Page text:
Planned-giving donors—members and nonmembers—are those who have notified the foundation of their intention to leave a bequest in their will or to include IEEE’s philanthropic arm in their trust.
“We are trying to make the name of the group more meaningful and understandable,” says the foundation’s development officer, Karen Galuchie. “Including ‘legacy’ in the name signifies that people intend to leave a legacy to the foundation.” The donor group had been called the IEEE Goldsmith League.
EARLY BENEFACTORS The league is named after Alfred N. and Gertrude Goldsmith in honor of their dedication and contributions to IEEE. Alfred Goldsmith was a cofounder of the Institute of Radio Engineers, one of IEEE’s predecessor organizations, and served as its 1928 president. He left a generous inheritance to the foundation, and so did his wife.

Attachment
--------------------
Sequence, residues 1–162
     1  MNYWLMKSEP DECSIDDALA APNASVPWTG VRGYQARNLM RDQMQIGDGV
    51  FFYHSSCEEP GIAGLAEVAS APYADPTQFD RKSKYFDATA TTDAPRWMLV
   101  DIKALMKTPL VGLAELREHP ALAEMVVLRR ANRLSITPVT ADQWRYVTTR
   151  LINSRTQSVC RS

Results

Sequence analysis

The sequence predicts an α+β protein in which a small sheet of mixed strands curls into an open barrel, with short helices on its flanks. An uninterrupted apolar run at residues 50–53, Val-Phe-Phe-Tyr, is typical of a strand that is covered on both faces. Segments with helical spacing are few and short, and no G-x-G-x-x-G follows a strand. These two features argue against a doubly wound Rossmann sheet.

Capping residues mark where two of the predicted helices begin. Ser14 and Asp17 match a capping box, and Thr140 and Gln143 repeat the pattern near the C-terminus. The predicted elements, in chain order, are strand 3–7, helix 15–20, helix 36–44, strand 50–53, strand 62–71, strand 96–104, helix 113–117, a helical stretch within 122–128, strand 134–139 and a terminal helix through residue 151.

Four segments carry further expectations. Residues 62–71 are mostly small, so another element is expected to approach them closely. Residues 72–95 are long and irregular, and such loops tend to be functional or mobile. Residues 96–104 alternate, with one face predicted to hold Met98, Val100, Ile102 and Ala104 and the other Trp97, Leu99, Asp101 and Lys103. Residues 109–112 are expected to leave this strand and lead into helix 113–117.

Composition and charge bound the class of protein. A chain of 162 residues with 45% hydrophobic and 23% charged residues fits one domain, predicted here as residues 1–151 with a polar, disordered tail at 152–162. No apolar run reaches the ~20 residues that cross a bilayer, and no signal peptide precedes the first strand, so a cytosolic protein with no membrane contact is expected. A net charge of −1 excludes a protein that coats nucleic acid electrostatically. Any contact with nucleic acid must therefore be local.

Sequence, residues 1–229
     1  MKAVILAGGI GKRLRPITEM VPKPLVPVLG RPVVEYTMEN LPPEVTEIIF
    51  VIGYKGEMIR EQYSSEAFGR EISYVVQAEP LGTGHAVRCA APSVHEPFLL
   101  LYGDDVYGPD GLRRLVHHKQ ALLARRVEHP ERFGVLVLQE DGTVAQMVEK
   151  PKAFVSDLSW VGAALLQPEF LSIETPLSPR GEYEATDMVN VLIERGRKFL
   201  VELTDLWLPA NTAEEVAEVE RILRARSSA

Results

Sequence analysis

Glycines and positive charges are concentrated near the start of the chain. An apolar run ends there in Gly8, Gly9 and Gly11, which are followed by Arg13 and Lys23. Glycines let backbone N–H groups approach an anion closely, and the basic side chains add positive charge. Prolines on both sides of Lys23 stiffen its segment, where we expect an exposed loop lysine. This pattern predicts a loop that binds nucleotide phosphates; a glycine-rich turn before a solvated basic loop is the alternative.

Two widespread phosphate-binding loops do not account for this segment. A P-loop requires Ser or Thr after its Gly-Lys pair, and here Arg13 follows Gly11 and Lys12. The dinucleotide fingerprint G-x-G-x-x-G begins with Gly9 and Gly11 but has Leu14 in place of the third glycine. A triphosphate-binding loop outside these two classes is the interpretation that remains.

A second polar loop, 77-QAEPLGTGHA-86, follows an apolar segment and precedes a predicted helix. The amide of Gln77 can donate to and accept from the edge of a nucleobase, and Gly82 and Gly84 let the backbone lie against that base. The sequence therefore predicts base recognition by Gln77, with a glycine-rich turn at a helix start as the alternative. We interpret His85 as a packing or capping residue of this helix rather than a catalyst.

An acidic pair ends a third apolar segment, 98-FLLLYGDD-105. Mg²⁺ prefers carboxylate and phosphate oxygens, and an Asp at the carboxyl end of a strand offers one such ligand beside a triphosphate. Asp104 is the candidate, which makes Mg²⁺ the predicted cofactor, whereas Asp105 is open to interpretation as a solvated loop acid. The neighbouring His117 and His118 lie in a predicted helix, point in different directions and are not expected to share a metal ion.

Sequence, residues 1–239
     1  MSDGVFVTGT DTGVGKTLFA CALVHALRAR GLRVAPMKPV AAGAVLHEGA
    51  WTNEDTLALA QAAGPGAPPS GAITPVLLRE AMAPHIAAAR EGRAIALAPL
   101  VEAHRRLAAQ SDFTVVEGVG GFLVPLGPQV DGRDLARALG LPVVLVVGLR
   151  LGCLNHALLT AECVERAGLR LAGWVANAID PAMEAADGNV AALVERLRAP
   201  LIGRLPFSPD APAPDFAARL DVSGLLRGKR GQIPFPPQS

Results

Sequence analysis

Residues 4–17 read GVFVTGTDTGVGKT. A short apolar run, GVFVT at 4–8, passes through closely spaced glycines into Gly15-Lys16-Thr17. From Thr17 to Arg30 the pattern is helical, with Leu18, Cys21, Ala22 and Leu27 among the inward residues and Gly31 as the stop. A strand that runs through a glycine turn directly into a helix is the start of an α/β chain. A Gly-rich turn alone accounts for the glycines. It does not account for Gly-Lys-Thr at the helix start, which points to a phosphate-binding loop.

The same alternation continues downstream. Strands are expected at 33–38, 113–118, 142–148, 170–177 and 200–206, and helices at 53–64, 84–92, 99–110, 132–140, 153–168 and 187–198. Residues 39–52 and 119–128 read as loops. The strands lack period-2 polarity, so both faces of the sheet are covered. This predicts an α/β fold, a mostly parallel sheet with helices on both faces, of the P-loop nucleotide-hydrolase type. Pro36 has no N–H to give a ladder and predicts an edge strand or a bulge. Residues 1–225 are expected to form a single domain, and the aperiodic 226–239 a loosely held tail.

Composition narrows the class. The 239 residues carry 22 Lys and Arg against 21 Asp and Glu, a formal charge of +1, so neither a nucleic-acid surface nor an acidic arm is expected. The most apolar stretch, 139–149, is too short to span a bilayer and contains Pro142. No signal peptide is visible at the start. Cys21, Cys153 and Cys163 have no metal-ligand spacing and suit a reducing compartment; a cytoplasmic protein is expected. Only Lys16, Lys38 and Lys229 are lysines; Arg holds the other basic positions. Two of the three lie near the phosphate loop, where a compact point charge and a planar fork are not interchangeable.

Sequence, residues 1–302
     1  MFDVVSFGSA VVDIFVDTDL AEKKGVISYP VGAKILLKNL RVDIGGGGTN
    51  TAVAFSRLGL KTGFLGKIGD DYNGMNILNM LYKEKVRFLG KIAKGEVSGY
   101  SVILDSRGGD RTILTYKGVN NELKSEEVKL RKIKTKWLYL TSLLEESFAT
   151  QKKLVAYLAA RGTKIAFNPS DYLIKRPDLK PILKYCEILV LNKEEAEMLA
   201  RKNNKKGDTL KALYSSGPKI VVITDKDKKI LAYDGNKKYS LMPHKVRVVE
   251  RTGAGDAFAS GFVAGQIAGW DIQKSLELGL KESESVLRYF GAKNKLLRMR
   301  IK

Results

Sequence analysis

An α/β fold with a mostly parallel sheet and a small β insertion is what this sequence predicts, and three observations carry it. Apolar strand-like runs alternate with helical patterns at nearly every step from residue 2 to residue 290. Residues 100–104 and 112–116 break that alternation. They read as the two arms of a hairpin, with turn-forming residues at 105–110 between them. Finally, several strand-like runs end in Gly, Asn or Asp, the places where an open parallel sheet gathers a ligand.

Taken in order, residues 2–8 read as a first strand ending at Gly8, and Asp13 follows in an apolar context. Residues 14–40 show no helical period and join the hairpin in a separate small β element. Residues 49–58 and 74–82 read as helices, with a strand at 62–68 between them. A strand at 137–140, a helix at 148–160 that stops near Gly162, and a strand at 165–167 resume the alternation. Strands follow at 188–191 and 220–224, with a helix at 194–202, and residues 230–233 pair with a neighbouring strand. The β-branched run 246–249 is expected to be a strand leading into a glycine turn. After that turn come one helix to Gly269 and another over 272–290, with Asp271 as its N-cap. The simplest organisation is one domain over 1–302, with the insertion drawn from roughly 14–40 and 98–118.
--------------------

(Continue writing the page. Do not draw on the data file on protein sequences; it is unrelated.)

Galuchie notes why many of today’s donors are giving back to IEEE. “People consider IEEE their second university; it has helped advance their careers” she says. “IEEE can also be the contingent beneficiary, which means if the primary beneficiary passes away the legacy goes to the foundation.”
Goldsmith League members receive the IEEE Foundation Focus newsletter, a semiannual publication that reports on activities the foundation supports, and they are recognized in an annual honor roll listing the donors from the prior year who gave at least $100. Other benefits include a keepsake coin, a certificate of membership, and an invitation to attend the annual IEEE Honors Ceremony.
League members are eligible to receive personal estate and tax planning information. “Estate laws and tax laws change often, so we send members information to keep them updated,” Galuchie says.
For more information on the IEEE Goldsmith Legacy League contact the IEEE Development Office, +1 732 562 3860 or email@example.com. Details of all transactions remain confidential, and donors may request anonymity.